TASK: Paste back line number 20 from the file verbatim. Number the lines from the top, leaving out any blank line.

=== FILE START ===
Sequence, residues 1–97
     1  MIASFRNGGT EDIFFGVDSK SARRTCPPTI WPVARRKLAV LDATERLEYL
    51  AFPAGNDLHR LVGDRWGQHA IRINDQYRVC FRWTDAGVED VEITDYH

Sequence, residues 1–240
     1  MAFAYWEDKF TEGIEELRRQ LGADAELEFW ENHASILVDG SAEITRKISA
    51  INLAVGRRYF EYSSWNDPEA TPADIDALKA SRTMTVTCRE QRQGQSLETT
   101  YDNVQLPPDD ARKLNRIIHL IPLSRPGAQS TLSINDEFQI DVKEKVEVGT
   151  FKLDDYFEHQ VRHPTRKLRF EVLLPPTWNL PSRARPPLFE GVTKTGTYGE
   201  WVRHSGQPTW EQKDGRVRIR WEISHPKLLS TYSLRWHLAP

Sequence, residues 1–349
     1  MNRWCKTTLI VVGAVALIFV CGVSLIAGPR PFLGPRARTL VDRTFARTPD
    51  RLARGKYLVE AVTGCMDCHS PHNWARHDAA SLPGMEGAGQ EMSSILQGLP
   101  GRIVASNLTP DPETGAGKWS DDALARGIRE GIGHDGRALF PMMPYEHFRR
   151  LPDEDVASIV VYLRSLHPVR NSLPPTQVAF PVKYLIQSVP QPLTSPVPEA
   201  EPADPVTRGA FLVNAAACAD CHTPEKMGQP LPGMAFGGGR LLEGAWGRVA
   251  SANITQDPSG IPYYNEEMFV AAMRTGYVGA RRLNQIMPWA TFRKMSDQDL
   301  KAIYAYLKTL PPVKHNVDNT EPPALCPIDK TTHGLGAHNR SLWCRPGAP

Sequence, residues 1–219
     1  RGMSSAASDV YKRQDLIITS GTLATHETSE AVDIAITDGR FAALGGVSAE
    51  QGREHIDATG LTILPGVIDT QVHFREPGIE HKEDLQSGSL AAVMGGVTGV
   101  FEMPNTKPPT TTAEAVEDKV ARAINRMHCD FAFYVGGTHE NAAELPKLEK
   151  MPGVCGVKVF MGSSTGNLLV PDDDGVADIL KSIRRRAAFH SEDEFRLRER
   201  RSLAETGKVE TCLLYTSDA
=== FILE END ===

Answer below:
    51  QGREHIDATG LTILPGVIDT QVHFREPGIE HKEDLQSGSL AAVMGGVTGV